Cumberland Times-News

December 19, 2013

Buck harvest up in Allegany, down in Garrett

Michael A. Sawyers
Cumberland Times-News

— CUMBERLAND — The buck harvest increased in Allegany County during the recent firearms deer season, but declined in Garrett County, according to the Maryland Wildlife & Heritage Service.

In Allegany, hunters checked in 1,055 bucks during the two-week season and 84 during the junior hunt for a total of 1,139. A year ago the total was 1,000.

Allegany’s doe harvest was higher as well this year, 721 compared to 611.

Garrett County hunters killed 989 bucks during the firearms season and 159 during the junior hunt for a total of 1,148, whereas the 2012 total was 1,328.

The antlerless or doe harvest was down as well this year, 821 compared to 861.

“I’m not sure what to think about Garrett County,” said Deer Project Leader Brian Eyler.

“The weather likely played a role. One theory is that the blowdowns from Tropical Storm Sandy in 2012 have made some areas more difficult to hunt.”

Eyler said, also, that hunters choosing to pass up small bucks may be lowering the harvest there.

“We’re not concerned about the deer being in trouble in Garrett and we don’t plan any significant changes to the hunting regulations,” Eyler said.

The biologist added, however, that agency officials would continue to discuss a possible antler-point restriction desired by some hunters for Garrett County.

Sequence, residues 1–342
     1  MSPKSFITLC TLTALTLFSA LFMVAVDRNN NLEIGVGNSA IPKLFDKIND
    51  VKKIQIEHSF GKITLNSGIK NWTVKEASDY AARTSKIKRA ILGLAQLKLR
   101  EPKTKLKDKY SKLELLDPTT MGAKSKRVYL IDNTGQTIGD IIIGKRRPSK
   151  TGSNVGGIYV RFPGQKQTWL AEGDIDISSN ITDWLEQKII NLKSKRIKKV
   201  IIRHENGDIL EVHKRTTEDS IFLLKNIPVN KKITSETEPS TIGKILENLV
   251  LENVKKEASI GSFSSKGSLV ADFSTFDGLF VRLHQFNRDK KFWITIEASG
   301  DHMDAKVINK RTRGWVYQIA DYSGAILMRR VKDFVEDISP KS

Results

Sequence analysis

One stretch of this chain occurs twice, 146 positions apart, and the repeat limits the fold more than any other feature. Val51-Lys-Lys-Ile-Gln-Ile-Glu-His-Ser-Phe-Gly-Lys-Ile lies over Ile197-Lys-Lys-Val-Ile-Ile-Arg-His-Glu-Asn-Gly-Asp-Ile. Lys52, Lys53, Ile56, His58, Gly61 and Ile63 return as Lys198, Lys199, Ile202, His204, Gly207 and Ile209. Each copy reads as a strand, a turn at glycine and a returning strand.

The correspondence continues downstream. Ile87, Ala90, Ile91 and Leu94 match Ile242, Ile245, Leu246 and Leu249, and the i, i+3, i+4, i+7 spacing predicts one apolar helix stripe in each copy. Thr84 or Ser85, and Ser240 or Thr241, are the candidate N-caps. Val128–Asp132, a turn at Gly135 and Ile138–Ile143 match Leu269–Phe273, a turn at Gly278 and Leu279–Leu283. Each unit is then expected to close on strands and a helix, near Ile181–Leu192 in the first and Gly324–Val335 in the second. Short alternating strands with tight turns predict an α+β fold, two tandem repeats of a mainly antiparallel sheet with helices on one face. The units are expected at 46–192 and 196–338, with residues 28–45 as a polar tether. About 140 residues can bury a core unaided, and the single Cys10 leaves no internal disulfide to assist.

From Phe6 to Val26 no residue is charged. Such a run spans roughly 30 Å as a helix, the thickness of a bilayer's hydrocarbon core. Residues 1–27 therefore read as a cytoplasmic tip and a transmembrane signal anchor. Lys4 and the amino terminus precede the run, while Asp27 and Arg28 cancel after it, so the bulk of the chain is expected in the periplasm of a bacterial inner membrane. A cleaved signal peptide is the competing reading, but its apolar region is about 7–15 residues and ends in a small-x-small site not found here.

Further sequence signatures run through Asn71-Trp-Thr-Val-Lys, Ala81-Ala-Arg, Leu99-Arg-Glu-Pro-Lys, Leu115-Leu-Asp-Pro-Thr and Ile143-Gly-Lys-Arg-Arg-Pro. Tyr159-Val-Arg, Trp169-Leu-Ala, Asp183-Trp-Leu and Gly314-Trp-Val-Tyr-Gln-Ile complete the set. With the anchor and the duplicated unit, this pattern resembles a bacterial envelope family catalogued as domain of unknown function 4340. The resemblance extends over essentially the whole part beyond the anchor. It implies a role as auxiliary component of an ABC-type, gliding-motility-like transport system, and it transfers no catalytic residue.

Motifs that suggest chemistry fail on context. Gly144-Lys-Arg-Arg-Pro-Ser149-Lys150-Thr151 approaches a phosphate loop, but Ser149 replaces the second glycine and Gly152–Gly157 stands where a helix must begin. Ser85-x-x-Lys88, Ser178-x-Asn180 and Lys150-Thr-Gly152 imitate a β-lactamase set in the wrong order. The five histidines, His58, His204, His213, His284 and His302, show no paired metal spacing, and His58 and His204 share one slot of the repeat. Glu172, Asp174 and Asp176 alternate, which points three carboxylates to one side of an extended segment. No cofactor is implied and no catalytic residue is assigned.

The statewide deer harvest for the rifle season increased by 2 percent from a year ago, and includes 982 Sika deer from the Eastern Shore.

“Considering all deer hunting that has taken place to date, including archery and muzzleloader, the harvest in the state is higher by 9 percent,” Eyler said.

The most firearms season bucks were taken in Washington County, 1,251.

Next was Frederick County with 1,213, followed by Allegany County.

The county with the smallest buck harvest was Calvert with 236.

This spring, the agency will establish deer hunting regulations for the next two years. The process includes meeting with interested parties to finalize the proposed regulations, followed by public meetings for additional discussion.

Dates and locations for the public meetings have not yet been established.

Contact Michael A. Sawyers at msawyers@times-news.com.